In the melodious waves of Afrobeats, the artistry of our movie producers and the majestic skills of our athletes lies an undeniable truth – Nigeria’s creative industry is a goldmine ripe for investment.
The vibrant pulse of Nigeria’s creative industry is no secret. Yet, there is a palpable sense that we are only scratching the surface. As the world increasingly turns its attention to our shores, Nigeria’s moment to shine brightly on the global stage has come.
President Bola Ahmed Tinubu’s transformative leadership is a cornerstone of this newfound optimism. Speaking at the 78th UNGA, he aptly highlighted the challenges that Africa, particularly Nigeria, has faced. These challenges spanned both internal governance issues and external influences that have often been exploitative. However, as he stated, Nigeria is not waiting for the world. Instead, it is opening its doors for equitable and mutually beneficial partnerships.
One can witness the president’s commitment to changing the narrative first-hand. His remarks at the G20 in New Delhi, accompanied by securing nearly $14 billion pledges from Indian investors, make one thing clear: Nigeria is open for business. Not just any business, but purposeful investments that create jobs, foster innovation and drive sustainable economic growth.
Foreign governments are taking notice of the creative sector in particular. The recent visits of UK Foreign Secretary Rt. Hon James Cleverly, MP and the US Deputy Secretary of the Treasury, Wally Adeyemo, which included roundtables with industry leaders and visits to Ogidi Studios underline a recognition of Nigeria’s potential at the governmental level. When we welcomed these distinguished personalities at Ogidi, they were not mere courtesy calls; they signified an understanding that the Nigerian narrative is being reshaped by its creative and entrepreneurial forces. They recognized the value proposition, the immense talent and the potential returns.
Nigerian artists are not just making waves; they are creating tsunamis globally. Rema’s ground-breaking 1 billion streams on Spotify, Asake’s triumph at the O2 Arena, Wizkid’s electrifying performance at Tottenham stadium, Tiwa Savage’s royal presence and performance at King Charles’ coronation, Davido’s Puma endorsement and Burna Boy’s Grammy victory are merely the tip of the iceberg. They symbolize a nation bursting at its seams with potential.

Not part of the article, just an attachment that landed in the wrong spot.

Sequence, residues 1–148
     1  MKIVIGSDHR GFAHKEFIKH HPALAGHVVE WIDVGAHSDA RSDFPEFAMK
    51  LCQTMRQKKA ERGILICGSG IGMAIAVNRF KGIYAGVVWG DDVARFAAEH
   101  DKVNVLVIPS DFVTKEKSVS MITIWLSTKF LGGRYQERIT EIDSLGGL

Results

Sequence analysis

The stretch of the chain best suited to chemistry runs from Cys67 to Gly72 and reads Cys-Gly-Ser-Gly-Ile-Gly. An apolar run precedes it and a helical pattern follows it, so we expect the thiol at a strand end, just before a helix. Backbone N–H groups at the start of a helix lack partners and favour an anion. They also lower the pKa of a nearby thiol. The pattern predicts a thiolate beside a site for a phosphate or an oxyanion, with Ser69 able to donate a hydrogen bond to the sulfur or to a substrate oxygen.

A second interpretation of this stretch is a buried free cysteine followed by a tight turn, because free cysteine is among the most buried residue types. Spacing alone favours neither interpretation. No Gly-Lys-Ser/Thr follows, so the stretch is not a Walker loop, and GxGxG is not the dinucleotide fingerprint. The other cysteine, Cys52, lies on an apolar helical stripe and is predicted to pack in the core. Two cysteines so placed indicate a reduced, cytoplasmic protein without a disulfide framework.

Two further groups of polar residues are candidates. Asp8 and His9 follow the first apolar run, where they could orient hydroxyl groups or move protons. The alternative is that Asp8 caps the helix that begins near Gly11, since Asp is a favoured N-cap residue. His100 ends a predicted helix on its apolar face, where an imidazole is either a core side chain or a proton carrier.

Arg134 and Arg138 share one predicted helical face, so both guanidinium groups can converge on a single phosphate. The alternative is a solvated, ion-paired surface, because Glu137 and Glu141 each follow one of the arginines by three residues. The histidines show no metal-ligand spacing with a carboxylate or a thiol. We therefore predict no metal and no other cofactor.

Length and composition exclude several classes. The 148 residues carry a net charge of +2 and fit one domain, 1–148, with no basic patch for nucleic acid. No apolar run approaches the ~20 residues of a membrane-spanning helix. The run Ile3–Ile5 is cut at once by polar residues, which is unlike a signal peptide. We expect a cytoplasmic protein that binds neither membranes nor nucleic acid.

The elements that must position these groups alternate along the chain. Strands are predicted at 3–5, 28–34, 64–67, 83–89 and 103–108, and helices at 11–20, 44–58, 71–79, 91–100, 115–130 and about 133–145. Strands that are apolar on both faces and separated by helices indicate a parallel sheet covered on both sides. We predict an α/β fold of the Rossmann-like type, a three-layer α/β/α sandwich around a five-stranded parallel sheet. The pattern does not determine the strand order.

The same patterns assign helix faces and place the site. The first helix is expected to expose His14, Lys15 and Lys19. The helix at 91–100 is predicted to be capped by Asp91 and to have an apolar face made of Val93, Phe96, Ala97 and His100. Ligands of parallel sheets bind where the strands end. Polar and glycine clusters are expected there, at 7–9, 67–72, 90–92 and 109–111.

Yet, the prowess does not end with music. Tobi Amusan continues to sparkle at international track meets and recently won the Diamond League. Anthony Joshua, Israel Adesanya and Kamaru Usman are their opponents’ nightmares in the ring. Victor Osimhen’s stellar performance at Napoli further showcases Nigeria’s sporting talent. Every global brand was once just a local talent. Your favourite football club or basketball team were made global by hard work, passion and financial backing of visionaries and investors. Nigeria is a goldmine of such local talents, waiting for the right platforms, investments and partnerships to morph into global icons.
The key to progress lies in investing both in infrastructure and skill development—this is the prescription for success. As we develop our infrastructure, it is imperative that we simultaneously nurture our musicians, actors, and athletes, as well as the coaches, officials and crews supporting them.
These elements are interdependent; one cannot flourish without the other. A proficient coach, leading a skilled team and equipped with a top-notch venue, draws fans who spend on tickets, food and beverages, thereby boosting the local economy. For those who cannot be physically present, television broadcasting rights ensure inclusivity. Moreover, such versatile venues can double up as concert arenas, showcasing the dynamism of commerce.